So, GM70 was not primarily designed for the military. However, because wire broadcasting was a very important element of Soviet propaganda, the quality and dependability of this service was an important concern for the government, which reflected on the quality of these tubes.
GM70 is reliable unlike Chinese 845.
GM70 is generally cheaper.
the GM70 has double the heater power nd comes in a copper plate version.
wut TK said.
it is also interesting to note that in the case of the GM70 the double cathode power comes from increasing the voltage which also doubles the voltage gradient across the cathode.
With the right plate voltage (1,500 V), potential difference across the cathode is less than 1.5%. For 45, it is almost the same (1%), yet nobody sees it as a problem.
but what about the ratio of the filament gradient to the bias voltage? 20V of a 100V bias is a lot different than the 2.5V of a 50V bias for a 45.
As ivan mentioned, the tube to test this with would be the 304TL which you can configure as a 5V 25A or a 10V 12.5A tube. It is interesting to note that when wired for 10V operation two of the plate will cheery up before the other two, and when wired for 5V operation they all cherry up at the same time.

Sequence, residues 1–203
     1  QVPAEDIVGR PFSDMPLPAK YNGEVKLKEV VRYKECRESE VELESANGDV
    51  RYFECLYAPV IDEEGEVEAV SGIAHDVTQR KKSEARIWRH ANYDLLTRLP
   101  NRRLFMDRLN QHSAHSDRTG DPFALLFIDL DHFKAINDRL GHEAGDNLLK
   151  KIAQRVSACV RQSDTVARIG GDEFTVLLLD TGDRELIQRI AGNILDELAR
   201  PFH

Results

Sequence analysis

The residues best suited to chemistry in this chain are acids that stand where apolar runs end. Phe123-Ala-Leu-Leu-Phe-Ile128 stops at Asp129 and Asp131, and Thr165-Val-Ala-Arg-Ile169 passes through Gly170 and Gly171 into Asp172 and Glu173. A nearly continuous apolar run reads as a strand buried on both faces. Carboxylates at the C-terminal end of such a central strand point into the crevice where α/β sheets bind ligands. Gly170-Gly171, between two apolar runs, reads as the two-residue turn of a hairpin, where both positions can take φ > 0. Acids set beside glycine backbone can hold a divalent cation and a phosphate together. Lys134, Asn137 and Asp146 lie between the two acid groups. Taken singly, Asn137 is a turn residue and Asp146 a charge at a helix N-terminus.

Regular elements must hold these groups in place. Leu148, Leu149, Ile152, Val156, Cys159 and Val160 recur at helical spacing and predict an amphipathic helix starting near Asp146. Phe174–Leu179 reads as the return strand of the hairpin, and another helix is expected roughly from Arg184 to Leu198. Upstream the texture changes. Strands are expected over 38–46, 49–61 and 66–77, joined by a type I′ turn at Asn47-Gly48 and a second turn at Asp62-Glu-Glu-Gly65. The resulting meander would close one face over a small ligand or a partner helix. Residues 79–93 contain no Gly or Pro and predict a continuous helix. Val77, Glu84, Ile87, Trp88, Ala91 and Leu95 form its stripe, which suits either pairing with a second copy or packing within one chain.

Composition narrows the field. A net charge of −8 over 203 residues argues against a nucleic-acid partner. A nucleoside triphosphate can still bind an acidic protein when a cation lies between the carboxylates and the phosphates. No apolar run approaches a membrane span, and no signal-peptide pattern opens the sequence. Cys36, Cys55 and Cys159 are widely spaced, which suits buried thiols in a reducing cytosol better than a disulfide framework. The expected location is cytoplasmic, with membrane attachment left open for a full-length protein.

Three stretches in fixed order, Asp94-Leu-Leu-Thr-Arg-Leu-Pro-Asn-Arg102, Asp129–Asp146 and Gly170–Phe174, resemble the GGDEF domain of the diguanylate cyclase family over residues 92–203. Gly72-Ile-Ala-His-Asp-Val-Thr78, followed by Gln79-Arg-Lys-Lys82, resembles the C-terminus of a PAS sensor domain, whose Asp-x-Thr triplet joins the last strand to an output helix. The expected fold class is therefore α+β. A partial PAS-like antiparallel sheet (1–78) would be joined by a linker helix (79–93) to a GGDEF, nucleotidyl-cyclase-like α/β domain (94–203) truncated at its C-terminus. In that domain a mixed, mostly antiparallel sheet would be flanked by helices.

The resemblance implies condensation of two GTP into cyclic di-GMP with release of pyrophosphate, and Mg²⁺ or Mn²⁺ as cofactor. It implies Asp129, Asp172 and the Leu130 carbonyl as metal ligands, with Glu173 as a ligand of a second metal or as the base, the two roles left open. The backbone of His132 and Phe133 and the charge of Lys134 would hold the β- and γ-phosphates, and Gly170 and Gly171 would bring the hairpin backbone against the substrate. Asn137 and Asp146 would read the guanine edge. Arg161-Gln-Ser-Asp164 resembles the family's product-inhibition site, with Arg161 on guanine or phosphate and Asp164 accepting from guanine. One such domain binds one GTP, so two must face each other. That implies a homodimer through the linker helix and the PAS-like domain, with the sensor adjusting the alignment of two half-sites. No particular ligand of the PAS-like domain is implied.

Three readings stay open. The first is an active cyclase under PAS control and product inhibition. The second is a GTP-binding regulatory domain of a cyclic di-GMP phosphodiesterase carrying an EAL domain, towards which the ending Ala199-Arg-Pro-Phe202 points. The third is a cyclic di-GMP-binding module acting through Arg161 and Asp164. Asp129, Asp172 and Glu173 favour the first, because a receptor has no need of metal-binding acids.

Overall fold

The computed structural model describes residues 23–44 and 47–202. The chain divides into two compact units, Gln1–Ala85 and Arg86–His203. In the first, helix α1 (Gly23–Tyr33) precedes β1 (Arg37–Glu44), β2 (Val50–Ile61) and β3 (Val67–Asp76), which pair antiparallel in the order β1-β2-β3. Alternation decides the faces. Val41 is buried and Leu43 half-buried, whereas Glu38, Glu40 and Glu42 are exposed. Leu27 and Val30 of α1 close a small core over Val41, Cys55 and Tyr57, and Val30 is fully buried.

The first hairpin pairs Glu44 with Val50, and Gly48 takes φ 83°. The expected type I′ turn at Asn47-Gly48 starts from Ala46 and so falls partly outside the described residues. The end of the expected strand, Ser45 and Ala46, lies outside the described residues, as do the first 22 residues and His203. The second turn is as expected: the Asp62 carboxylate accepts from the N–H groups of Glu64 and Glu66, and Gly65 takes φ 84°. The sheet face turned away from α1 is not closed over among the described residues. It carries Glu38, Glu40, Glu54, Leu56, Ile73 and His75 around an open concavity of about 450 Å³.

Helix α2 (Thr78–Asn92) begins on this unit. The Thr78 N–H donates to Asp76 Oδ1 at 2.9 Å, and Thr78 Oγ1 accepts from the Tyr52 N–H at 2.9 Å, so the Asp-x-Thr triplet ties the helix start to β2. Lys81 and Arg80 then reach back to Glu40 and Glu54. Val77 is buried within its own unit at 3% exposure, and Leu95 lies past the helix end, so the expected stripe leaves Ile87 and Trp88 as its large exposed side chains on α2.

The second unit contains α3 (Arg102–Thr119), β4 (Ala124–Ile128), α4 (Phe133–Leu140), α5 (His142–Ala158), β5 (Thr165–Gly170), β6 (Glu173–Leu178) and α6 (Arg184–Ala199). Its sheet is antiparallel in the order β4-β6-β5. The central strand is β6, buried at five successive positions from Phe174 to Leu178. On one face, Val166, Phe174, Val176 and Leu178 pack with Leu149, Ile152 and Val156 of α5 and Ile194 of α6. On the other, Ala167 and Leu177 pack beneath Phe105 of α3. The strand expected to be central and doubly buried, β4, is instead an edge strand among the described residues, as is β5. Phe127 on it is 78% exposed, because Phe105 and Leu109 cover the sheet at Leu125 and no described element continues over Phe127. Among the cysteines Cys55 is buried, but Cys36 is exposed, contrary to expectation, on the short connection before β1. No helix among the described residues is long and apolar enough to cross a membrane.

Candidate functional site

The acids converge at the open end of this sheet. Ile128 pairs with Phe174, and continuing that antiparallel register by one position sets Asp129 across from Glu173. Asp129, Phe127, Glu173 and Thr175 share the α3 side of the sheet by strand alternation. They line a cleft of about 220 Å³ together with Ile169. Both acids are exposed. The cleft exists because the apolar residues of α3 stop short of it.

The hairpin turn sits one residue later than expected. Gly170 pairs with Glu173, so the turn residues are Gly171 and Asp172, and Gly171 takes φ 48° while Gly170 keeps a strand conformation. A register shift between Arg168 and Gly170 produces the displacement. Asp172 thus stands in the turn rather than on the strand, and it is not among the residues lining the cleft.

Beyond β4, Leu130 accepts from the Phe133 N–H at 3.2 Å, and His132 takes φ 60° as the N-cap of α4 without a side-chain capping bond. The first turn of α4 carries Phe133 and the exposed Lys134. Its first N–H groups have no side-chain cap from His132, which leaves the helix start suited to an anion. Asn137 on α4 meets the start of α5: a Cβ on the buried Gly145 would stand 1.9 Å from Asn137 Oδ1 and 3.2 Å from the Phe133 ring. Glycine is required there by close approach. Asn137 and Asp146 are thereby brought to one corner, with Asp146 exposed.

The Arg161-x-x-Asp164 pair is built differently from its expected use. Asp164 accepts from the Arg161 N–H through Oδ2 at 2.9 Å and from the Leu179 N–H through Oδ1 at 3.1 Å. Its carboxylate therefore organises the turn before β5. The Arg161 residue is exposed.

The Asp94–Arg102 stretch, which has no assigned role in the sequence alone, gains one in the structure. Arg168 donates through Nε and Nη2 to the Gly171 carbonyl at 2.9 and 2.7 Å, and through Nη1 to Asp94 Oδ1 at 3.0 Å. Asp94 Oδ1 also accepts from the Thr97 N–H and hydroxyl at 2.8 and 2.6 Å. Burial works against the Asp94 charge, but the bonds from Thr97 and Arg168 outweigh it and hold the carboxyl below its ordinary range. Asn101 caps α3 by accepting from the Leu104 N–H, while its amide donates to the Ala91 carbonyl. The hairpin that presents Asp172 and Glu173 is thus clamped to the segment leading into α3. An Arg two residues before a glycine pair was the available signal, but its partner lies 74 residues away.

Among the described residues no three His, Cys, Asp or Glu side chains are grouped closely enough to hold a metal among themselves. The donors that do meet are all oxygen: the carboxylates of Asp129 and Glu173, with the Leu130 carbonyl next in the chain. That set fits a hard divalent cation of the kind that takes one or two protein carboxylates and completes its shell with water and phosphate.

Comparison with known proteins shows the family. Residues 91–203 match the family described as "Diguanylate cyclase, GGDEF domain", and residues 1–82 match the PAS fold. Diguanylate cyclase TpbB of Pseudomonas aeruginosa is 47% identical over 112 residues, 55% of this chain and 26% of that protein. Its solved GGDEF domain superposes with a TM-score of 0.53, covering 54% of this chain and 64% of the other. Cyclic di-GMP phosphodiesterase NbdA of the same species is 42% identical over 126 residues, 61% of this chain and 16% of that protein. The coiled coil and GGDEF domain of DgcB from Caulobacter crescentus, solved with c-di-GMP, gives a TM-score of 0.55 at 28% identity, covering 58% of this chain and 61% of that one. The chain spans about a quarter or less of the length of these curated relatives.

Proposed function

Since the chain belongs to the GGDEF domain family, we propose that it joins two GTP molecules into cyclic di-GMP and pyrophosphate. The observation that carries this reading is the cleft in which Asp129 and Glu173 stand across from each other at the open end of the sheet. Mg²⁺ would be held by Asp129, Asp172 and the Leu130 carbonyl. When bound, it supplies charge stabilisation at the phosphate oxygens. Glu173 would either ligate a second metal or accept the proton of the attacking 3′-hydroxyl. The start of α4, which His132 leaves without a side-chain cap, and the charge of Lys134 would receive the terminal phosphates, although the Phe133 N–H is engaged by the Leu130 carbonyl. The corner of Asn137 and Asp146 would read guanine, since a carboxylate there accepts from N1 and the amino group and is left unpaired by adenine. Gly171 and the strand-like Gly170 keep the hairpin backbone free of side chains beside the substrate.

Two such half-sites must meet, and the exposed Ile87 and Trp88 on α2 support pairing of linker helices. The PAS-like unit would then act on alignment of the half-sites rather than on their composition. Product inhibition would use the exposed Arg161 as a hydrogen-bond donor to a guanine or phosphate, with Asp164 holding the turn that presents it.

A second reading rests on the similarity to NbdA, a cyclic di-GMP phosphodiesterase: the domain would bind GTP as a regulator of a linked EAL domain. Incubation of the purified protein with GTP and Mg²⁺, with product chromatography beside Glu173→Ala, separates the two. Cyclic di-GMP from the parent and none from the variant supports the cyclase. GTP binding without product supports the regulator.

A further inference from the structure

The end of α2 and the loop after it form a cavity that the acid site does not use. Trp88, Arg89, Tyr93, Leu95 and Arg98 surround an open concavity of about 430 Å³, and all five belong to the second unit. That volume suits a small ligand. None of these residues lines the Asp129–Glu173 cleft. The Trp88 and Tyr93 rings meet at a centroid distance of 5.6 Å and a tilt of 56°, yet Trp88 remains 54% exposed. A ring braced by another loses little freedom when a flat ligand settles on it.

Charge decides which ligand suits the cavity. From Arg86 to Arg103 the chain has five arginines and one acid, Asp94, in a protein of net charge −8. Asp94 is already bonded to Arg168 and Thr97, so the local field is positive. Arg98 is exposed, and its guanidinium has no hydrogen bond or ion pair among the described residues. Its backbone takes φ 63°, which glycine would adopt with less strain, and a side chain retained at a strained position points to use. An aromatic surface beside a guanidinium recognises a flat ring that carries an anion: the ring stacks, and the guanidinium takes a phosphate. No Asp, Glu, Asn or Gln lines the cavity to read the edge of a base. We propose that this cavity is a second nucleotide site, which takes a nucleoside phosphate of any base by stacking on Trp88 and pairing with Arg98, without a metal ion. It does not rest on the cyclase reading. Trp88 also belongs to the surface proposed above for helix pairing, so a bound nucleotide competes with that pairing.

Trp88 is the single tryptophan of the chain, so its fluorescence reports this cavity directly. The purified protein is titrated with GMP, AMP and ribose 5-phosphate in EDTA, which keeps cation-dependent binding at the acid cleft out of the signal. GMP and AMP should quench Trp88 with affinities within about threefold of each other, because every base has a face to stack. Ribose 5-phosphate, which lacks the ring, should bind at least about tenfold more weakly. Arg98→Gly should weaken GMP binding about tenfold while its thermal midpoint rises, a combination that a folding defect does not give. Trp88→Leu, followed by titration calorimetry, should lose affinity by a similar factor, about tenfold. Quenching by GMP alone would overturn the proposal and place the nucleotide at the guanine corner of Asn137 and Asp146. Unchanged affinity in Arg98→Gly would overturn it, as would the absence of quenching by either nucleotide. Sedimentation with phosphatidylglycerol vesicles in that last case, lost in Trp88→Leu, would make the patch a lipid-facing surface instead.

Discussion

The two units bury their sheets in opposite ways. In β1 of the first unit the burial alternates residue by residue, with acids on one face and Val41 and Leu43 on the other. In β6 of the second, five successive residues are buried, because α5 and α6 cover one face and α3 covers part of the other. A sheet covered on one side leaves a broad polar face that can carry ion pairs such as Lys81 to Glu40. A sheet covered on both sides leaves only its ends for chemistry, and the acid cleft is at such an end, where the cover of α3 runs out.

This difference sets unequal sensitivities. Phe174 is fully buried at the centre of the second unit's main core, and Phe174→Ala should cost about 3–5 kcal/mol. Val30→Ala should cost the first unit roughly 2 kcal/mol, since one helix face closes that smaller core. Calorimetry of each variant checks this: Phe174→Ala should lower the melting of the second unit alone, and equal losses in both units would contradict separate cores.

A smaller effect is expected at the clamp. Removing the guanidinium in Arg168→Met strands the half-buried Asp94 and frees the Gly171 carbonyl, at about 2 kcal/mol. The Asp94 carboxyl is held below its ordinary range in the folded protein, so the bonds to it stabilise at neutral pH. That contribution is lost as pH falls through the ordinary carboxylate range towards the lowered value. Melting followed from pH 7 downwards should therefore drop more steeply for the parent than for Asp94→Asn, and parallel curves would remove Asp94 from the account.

I actually think it would be kinda cool if listening experience showed the 10V connection of the eimac to sound better :-)
Potential difference to greed is more important. But still GM70 isn't so bad:
DC filaments suck the life out of DHTs. I've never heard a DHT with DC that didn't sound better with AC. Ultrasonic filament supplies are the ultimate solution.
GM70 was mostly used with AC heating in PP amps where filament hum cancels out.
DC filaments sound wrong not because of principle, but because of implementation. Diode bridge plus capacitor, or voltage regulator are not the right way to do it. The right way is dedicated filament transformer, choke input filter, and CM choke to block line contamination by audio signal. It could be 40 pounds of iron per one GM70 filament, but it sounds good.
I just like to write something down. Are we looking at something like this: